Books & Literature
For Better for Verse
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Percy Bysshe Shelley's poem: Epipsychidion L'anima amante si slancia fuori del creato, e si crea nell' infinito un Mondo tutto per essa, diverso assai da questo oscuro e pauroso baratro. HER OWN WORDS. ["Epipsychidion" was composed at Pisa, January, February, 1821, and published without the author's name, in the following summer, by C. & J.
John Cage Trust From left, John Cage, Toshi Ichiyanagi and David Tudor at the temple of the Great Buddha, outside Tokyo, in 1962. Written by Kay Larson, who for 14 years was the art critic for New York magazine, it describes John Cage’s philosophical awakening through Zen Buddhism, which changed not only the sort of music he composed but, seemingly, everything he did and said. Cage’s music and his interactions have been documented in many other books, but what makes “Where the Heart Beats” different is that it centers first on the ideas behind the work: why he sought them, when he came upon them, and where and how he used them. Only secondarily is it about his notated and copyrighted scores, and Cage’s place within the history of music (if indeed that is the place he ought to occupy). ‘Where the Heart Beats,’ John Cage Biography, by Kay Larson
The ARTINFO Bookshelf: 40 Books That Every Artist Should Own, Part I ARTINFO has combed our bookshelves, looked through our dusty college syllabi, asked fellow artists, professors, and historians, and compiled a list of the tomes that every artist should read, own, and pass on. We've been careful to balance our selections between theory, history, reference, and practical guides, ranging from the semiotics of Roland Barthes to a gigantic biography of Pablo Picasso. Our list was so long that we had to break it into two parts.
Ducky Wilson | The Hooker from Phnom Penh While an Asian pro with a rhinestone ass wiggles next to a pot-bellied shooter sporting a runaway moustache at the Bellagio craps table, I wonder what the percentage of self-deluded people there are in the world. Probably pretty fucking high , I think as I scan the room. At the video poker bar, a bachelorette pops a caplet of X into her mouth as her friends cheer her on. “Scooby Dooby Doo,” she howls at a passing geriatric, then preps a line of coke on her wrist to rev her high.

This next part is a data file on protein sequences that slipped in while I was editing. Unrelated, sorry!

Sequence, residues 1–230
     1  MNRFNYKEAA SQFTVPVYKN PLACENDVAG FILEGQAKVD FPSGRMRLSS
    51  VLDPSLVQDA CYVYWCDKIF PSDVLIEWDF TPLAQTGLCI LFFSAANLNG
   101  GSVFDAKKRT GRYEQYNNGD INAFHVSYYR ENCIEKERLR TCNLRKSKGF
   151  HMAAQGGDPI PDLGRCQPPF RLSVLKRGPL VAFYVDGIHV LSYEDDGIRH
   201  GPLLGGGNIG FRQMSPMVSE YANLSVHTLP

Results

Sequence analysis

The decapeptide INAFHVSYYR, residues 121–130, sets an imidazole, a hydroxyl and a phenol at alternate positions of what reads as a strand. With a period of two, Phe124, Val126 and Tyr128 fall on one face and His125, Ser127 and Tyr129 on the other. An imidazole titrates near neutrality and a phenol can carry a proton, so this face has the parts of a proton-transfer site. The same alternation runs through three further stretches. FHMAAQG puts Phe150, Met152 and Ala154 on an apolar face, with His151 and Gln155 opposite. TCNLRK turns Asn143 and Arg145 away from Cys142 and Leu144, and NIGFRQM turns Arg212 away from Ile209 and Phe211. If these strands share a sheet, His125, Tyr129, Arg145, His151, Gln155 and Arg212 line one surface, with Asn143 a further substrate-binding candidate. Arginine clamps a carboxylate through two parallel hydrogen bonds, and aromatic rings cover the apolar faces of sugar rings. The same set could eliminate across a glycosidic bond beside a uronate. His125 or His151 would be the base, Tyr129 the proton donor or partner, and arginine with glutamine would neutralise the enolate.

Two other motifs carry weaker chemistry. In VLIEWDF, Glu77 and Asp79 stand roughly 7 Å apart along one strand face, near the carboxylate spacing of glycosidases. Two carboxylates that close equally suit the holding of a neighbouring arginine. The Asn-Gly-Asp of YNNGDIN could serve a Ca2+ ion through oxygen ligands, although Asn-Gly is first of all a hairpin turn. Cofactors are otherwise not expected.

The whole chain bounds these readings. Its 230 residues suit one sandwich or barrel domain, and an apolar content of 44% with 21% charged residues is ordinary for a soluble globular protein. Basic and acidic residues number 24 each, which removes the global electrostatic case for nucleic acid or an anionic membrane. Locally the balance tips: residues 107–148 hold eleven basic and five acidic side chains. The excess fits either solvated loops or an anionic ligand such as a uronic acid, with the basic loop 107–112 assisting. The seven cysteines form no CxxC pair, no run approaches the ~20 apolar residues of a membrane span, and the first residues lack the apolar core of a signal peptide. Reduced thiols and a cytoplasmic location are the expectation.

Matt Taibbi , like many journalists, grew up idolizing Hunter S. Thompson . But Taibbi, unlike many journalists, got Hunter S. Thompson's job. Rolling Stone Contributing Editor Matt Taibbi Q&A: Matt Taibbi on the 40th Anniversary of Fear and Loathing on the Campaign Trail '72, Hunter S. Thompson's influence, and Why Barack Obama Isn't a Great Shark - Page 1 - Books
For 56 years, the Maine Lobster Festival has been drawing crowds with the promise of sun, fun, and fine food. One visitor would argue that the celebration involves a whole lot more. T he enormous, pungent, and extremely well marketed Maine Lobster Festival is held every late July in the state’s midcoast region, meaning the western side of Penobscot Bay, the nerve stem of Maine’s lobster industry. Consider the Lobster: 2000s Archive
Not very long ago, a dedicated comics library might have looked less like a rare books room and more like a semi-coherent junk store, containing a three-dimensional scrapbook of out-of-print books, half-completed reprint series, miscellaneous small press magazines, bound photocopies and endless clippings . But the rise of the graphic novel category over the past decade has yielded a rich vein of previously rare or inaccessible archival material in well-designed, library-ready formats: complete comic strip collections, surveys of mid-century comic book genres, art books dedicated to historical and contemporary artists, and other rare pleasures. Today, a dedicated reader could fill several bookshelves with volumes compiled from this thoroughgoing history of comics, and a more casual reader or researcher can easily find the same at a well-stocked library. Comics masters